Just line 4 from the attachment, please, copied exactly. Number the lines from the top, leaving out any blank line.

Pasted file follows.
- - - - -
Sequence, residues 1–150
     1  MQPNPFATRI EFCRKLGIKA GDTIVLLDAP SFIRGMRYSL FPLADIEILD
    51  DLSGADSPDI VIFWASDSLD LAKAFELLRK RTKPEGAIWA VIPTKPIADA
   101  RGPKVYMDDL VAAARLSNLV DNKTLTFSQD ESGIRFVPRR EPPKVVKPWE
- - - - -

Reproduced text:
   101  RGPKVYMDDL VAAARLSNLV DNKTLTFSQD ESGIRFVPRR EPPKVVKPWE